3)    Report pollution on the Galveston Bay Action Network (GBAN) app. In this effort to reduce plastic pollution, we need you to be the eyes on Galveston Bay and report any pollution you see on Galveston Bay Foundation’s free GBAN app available for download from the iTunes Store or Google Play. The app enables you to easily report pollution in Brazoria, Chambers, Galveston, and Harris counties. Examples of pollution reports include trash and debris, sewage issues, fish kills, discolored water, and more. You can also file a report on a desktop computer here.

4)    Go the extra mile with marine debris monitoring. Galveston Bay Foundation is starting a citizen scientist program to remove plastic debris from our local shorelines. Join in on a Zoom virtual happy hour to learn more about the program on July 16th at 3:00pm. Register here to hang out with us and learn more.

Follow Galveston Bay Foundation on Facebook and check out this Galveston Bay Report Card article for additional resources. You can also save this handy image of some challenges to consider. Pick one or a few, check off your challenges, and keep it somewhere visible as a reminder.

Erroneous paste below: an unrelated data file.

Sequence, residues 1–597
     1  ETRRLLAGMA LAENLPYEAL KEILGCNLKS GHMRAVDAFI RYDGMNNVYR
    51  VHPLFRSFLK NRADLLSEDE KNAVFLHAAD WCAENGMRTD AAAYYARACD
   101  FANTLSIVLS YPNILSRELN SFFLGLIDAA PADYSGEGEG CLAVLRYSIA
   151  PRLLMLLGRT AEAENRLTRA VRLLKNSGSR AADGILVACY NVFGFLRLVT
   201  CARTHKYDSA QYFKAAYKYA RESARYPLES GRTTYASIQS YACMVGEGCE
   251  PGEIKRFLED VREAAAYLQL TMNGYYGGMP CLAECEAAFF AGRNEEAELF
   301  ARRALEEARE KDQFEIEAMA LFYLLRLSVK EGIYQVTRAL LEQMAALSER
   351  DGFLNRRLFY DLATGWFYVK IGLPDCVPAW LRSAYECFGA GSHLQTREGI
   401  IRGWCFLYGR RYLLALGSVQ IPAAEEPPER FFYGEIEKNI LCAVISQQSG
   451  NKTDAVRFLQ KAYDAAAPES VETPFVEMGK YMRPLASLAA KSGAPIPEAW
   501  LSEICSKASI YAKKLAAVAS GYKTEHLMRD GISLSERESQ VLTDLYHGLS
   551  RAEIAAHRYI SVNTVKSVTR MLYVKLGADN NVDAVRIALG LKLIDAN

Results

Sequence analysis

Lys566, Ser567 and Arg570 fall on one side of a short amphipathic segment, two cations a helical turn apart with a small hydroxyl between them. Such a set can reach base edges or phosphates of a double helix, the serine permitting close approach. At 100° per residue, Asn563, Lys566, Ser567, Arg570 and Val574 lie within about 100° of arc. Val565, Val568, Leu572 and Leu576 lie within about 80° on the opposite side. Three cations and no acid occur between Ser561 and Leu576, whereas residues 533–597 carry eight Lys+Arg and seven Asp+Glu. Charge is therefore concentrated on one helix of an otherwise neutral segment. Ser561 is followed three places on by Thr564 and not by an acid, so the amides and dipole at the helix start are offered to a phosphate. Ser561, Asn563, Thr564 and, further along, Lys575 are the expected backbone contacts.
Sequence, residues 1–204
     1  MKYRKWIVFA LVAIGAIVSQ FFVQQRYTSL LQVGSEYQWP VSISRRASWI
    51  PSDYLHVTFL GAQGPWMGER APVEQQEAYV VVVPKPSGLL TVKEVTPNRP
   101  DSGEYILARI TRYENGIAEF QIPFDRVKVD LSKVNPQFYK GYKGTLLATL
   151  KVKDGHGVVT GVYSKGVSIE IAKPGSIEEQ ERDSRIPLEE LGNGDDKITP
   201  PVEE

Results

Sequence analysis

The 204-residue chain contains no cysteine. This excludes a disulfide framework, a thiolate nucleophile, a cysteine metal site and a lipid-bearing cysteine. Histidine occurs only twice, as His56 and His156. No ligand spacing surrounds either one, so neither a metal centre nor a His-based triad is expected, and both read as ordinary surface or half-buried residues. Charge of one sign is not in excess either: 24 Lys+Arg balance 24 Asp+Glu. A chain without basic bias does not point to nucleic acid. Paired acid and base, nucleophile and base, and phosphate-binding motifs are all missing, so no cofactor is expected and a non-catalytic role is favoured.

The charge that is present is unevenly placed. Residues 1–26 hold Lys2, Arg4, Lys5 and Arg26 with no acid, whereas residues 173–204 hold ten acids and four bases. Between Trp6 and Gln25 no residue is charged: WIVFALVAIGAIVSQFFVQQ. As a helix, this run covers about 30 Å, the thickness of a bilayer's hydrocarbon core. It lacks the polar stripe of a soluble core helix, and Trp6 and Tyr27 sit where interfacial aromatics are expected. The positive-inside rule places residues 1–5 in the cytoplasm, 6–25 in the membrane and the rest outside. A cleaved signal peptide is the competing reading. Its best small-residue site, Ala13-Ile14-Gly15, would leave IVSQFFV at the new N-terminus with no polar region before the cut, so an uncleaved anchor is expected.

And remember, these changes take time, so celebrate small victories in your efforts. You are making a bigger difference than you think. It’s a marathon, not a sprint, and requires efforts from policymakers, companies, and individuals. Happy #PlasticFreeJuly!

Comments

Popular posts from this blog

Creating a Pocket Prairie in an Urban Backyard

In September of 2017, my girlfriend Amanda and I, along with our dog Scout, moved out of our apartment and into a house in Houston’s Sunset Heights. One of the selling points of this house was that it had a small backyard the three of us could enjoy together. It was a simple space comprised of zoysia grass, Japanese yew, and bamboo.

In June of 2018, Scout was sniffing around our backyard and decided to eat a couple of Japanese yew berries that had fallen on the ground. This led to her getting sick and spending the next two nights recovering at a veterinary clinic. This is the event that made me start to question everything growing in our backyard. Why did we have grass, shrubs, and bamboo from Asia? Why had we never seen a butterfly in our yard?

We decided we needed to make some changes. To begin my research, I read The Houston Atlas of Biodiversity by Houston Wilderness, Bringing Nature Home by Douglas W. Tallamy, and Native Texas Plants by Sally Wasowski and Andy Wasowski. After rea…